People who were itching for the debut of the euro might have gotten more than they hoped for.
A lot of people in Europe have been reporting mild skin rashes after holding the euro-- the new coins they use in Europe, so that everyone will have a single currency.
It's a good idea economically, but there seems to be a problem with the coins themselves. They contain two kinds of nickel. One alloy of nickel is nestled inside a ring of another alloy. That makes it hard to counterfeit, but it also did an unexpected thing--it created a tiny electric current.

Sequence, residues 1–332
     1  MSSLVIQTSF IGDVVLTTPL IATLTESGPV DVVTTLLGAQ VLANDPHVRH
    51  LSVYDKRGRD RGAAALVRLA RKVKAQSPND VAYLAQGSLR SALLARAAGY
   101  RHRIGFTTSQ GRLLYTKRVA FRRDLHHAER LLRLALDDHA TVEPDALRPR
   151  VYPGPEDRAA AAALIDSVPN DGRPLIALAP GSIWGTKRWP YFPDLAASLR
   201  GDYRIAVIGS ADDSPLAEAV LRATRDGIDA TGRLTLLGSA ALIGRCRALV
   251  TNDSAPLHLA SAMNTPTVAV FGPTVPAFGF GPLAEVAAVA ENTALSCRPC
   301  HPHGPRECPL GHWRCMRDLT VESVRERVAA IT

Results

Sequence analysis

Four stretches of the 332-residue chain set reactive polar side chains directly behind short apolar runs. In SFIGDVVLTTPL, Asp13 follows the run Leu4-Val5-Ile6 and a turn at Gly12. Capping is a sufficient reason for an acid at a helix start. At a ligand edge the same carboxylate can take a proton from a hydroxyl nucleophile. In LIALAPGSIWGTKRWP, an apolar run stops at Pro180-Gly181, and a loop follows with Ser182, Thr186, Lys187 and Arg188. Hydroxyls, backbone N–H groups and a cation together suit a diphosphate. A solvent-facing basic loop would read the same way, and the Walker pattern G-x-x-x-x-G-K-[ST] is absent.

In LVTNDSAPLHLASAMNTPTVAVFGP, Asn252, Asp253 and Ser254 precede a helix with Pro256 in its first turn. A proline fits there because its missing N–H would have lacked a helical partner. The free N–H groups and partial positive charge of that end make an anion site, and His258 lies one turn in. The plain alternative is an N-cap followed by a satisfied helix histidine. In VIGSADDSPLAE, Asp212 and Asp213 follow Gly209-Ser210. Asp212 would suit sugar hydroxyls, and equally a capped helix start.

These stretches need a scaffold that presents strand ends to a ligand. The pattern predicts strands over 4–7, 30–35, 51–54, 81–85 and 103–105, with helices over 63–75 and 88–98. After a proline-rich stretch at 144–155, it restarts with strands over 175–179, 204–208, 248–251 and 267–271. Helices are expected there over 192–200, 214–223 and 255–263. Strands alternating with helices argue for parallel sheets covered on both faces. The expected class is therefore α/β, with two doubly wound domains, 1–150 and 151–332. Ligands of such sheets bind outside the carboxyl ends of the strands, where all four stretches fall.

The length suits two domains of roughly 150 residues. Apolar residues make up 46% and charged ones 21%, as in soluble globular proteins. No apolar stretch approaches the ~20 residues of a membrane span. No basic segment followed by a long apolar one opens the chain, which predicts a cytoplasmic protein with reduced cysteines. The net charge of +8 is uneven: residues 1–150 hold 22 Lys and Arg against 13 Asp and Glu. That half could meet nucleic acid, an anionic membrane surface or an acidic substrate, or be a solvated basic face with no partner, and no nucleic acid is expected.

About forty millivolts of electricity have been found to flow between the two alloys. You'd never feel a shock, but your skin might notice that the coin it's holding is slowly corroding.
The effect is subtle, but nickel is a substance to which many people are allergic. If you hold euros for a long time, and have a nickel allergy, you can get eczema-like symptoms from the nickel coming off.